The energy MLPs still offer good yields. You could diversify away from the exploration and production MLPs like EVEP and buy the pipeline MLPs (like EPD or ETP) or some of the midstream ones that gather and store nat gas or produce nat gas liquids (NGLS). I also like NRGP which is the gp of a propane MLP that is slated to increase its distribution some 20% over each of the next 3 years.
Be careful in your search for high yield. As we found out in 2008, when a liquidity crisis hits, those stocks that offer high yields that have debt can cut their distributions if their loan covenants are breached (this happened with many drybulk shippers that supposedly had the protection of long-term charters to support their dividends). Some other alternatives are: selling covered calls to generate income on more stable stocks, preferred stock or convertible bond closed-end funds that sell at discounts to net asset value (use QuantumOnline to search), utilities (some have issued sub debt like DRU and SCU)
AT&T is a great one right now. 6.6% dividends and they are earning 9.67%
Today the stock is on sale for $25.70 and the slow stochastic at 13 moved above the fast stochastic yesterday (a major buy signal). It should move up to $28+ within a month or two. A VERY safe investment.
You might want to take a look at JTP. It's a leveraged closed end preferred stock fund run by the Nuveen Corporation that pays monthly dividends and has a current annual yield of 8.7%. Shares of this ETF trade on the NYSE. No guarantees, but it appears likely that both the share price and the dividend will slowly rise this year.
Take a look at NMM, a MLP that is in dry bulk shipping. Most of their fleet of ships are chartered out under long contracts (out to 2014 and longer); therefore providing a stable distribution.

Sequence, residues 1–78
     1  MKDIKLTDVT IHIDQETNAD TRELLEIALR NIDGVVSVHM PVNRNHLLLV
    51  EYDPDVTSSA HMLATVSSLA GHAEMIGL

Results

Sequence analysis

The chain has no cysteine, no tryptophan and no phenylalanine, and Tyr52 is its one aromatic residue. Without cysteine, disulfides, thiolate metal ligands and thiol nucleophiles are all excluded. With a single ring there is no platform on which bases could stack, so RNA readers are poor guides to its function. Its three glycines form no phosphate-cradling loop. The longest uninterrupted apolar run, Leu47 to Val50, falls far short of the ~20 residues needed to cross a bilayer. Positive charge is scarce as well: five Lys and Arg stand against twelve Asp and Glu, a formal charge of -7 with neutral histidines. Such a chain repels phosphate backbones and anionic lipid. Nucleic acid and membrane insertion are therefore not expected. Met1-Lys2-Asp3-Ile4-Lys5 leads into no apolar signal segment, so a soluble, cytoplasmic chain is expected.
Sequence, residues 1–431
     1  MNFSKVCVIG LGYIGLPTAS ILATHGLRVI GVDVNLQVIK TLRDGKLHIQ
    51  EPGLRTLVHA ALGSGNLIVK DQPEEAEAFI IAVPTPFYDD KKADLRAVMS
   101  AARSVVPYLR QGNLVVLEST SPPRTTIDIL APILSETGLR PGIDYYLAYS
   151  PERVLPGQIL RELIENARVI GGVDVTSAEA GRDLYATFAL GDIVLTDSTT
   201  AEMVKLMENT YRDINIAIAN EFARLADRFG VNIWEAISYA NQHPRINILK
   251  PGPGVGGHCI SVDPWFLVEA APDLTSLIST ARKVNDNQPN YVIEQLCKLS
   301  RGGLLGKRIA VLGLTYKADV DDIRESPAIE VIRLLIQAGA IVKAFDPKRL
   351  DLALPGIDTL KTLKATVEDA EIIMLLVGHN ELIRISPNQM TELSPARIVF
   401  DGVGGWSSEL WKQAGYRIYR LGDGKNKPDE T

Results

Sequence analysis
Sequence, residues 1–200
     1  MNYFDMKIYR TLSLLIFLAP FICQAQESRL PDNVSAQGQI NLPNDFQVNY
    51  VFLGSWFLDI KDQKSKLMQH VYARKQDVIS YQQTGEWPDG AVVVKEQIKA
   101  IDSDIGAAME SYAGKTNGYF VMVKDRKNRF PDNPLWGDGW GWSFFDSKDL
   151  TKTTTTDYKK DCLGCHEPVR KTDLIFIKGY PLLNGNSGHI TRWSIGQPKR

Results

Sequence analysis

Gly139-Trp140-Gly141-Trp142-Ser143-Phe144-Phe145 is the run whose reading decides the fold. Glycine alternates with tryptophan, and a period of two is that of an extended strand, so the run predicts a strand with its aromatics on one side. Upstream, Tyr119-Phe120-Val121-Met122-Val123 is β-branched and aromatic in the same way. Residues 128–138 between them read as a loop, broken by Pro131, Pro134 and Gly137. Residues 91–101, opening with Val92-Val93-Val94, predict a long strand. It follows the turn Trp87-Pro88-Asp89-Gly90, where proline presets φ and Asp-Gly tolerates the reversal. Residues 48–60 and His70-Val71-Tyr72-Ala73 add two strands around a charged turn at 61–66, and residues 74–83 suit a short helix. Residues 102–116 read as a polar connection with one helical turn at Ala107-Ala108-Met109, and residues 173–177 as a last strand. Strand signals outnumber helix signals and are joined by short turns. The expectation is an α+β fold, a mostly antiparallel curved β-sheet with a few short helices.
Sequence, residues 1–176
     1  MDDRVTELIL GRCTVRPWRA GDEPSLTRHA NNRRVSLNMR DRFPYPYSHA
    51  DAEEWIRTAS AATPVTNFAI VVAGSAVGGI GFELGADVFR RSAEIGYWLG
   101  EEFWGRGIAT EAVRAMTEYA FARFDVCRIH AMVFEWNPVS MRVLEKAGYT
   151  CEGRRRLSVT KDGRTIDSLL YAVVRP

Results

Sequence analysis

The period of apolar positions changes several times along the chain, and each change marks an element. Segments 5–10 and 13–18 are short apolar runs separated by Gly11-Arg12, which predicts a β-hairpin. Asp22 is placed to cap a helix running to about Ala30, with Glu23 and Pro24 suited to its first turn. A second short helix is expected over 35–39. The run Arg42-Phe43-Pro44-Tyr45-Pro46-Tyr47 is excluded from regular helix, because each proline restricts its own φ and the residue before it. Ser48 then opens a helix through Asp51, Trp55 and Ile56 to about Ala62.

I would recommended PDL Biopharm (PDLI) it's basically a company winding down but its got solid royalties though 2014. This year it just announced (2) dividends of .50 cents per share. A stock at 6.40 equates to about 15 percent yield. Last year it closed out the year with a special dividend of 1.67 per share which is the reason for the depressed share price. If it ends the year with that again (not guaranteed) that would be 2.67 divys for a currently 6.40 stock. I own quite a bit probably for another 2 years. Good Luck in your search
A boring conservative stock - GTY (8.5% yield, trading near its low range now).
Sector lending itself to interest rate, mortgage rate fluctuations - NLY, HTS, AGNC (all have high yields). As rates go up, their stock prices will decline (NLY's price range seems to be more limited - its high range is said to be near 21 and 22 tops, low range around 14 due to book value. I know little of HTS and AGNC, but they seem to be doing a similar biz as NLY.)